Compared to a larger group, small fundraiser groups typically have better participation percentage rates as well as higher items sold per student averages. One big reason is that sponsors can typically have a greater influence on fewer students. It’s true that larger schoolwide elementary schools usually bring in more money, but only because they have a larger student body to work with.
It can also be said that smaller organizations, which are often made up of high school students, have more ‘skin in the game’. Thus they have a greater understanding about the importance of commitment and the need to take ownership. Their motivations can stem from wanting to please a coach, to parents understanding that fundraising is their opportunity to help absorb the cost of expensive cheerleader uniforms.
Regardless, group unity can be big with small fundraiser groups and good sponsors will do all they can to take advantage of it. Here’s how.
Have an Organized Fundraiser Meeting
This is one big reason why elementary schools end up bringing in a lot of money. They’re able to get their fundraiser rolling by hyping up their students from the start. This creates a strong foundation and helps create needed momentum. Unfortunately too many smaller group sponsors don’t feel it’s necessary to have a formal meeting beforehand.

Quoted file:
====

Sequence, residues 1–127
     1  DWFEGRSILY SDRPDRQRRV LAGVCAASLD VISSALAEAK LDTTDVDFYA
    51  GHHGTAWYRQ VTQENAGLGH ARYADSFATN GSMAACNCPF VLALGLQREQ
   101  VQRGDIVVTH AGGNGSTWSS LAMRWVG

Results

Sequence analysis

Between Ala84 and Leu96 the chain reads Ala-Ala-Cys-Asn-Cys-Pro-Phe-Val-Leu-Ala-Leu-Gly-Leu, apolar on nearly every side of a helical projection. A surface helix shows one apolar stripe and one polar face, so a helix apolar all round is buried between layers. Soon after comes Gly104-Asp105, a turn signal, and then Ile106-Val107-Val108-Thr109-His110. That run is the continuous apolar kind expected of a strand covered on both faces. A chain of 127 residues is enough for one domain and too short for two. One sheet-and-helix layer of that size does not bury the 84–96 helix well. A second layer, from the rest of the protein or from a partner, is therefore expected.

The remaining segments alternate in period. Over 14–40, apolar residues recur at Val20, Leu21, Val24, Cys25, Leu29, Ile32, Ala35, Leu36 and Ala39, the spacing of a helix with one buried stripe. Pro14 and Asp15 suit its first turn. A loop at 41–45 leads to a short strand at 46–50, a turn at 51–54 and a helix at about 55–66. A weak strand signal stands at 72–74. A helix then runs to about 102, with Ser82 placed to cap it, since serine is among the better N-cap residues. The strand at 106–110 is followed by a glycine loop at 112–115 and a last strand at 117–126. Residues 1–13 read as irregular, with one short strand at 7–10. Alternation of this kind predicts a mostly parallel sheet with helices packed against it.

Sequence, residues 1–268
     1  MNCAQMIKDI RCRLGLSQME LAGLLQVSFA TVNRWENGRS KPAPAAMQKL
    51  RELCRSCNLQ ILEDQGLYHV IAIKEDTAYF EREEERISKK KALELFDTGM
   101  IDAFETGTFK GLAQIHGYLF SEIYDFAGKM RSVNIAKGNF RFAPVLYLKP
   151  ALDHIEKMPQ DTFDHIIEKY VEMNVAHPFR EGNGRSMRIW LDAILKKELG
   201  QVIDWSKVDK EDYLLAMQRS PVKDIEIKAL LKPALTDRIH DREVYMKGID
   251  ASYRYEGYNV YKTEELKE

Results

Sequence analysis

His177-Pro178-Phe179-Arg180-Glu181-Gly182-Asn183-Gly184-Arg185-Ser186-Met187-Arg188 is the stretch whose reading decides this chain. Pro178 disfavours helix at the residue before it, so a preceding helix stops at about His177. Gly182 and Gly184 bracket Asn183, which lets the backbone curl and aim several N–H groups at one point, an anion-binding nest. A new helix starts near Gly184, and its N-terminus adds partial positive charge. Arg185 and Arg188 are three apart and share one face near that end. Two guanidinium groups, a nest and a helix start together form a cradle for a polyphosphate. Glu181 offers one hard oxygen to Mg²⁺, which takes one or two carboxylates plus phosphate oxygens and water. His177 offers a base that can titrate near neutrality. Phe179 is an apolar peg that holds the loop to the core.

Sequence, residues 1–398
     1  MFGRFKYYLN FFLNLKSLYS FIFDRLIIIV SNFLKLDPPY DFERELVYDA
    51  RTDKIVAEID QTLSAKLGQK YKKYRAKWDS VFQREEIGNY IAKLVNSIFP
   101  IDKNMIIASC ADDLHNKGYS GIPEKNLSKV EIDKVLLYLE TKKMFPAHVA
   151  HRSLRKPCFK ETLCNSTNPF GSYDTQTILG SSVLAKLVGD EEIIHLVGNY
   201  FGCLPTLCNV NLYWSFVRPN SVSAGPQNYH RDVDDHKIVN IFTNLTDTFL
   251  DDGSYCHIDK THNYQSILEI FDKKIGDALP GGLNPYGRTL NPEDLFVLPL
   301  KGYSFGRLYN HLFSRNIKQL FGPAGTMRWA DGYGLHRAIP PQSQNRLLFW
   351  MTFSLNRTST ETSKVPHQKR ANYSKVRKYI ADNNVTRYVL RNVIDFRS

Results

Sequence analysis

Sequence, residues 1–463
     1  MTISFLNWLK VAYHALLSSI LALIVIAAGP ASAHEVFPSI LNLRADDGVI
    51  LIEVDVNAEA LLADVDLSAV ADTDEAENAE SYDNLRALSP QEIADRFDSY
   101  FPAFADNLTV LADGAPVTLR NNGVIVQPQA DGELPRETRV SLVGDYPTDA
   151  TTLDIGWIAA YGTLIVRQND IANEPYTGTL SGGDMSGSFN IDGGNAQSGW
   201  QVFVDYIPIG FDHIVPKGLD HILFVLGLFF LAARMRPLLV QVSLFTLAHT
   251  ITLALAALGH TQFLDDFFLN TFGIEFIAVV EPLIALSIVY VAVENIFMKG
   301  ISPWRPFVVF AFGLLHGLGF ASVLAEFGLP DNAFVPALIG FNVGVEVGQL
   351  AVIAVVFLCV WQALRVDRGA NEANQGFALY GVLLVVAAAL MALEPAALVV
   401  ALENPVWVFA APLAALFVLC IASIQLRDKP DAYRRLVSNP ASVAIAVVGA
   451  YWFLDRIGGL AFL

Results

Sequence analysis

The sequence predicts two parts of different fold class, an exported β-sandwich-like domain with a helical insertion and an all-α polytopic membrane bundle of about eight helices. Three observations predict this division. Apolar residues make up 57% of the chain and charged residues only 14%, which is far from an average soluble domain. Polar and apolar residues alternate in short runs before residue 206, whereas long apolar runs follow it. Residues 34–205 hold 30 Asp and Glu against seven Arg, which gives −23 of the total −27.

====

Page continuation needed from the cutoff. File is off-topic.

The fundraiser kickoff gives you the opportunity to not only establish your goals and expectations, but also instill in your students a sense of taking ownership. Checking to make sure that your students are clear on the process is also an important step in ensuring their success.
Periodically Reinforce Your Sales Goal
The kickoff is when you explain your selling expectations; however you’ll also need to keep reinforcing your goal throughout the sale. Periodically check in with your students by asking them how much they’ve sold so far. You can even make a fun game out of it by offering incentives if they can prove that they’re keeping up with the sale. To be eligible, they have to be willing to show you their order forms and money collection envelopes. You might even consider doing something like rewarding the student who’s collected the most money by the halfway point.
Use Additional Fundraising Incentives
This cannot be emphasized enough. Don’t be satisfied with the complimentary prize program offered by the company. Yes, it gives every student the opportunity to win something for participating, but it’s usually not all that inspiring. So don’t rely on it exclusively. Unless you reinforce your basic prize program with additional fundraising incentives, many of your students will simply ignore it.
Small fundraiser groups may not be able to compete with larger organizations when it comes to the sheer number of sellers, but they can definitely win in many other aspects. You just need to know how to leverage what you already have.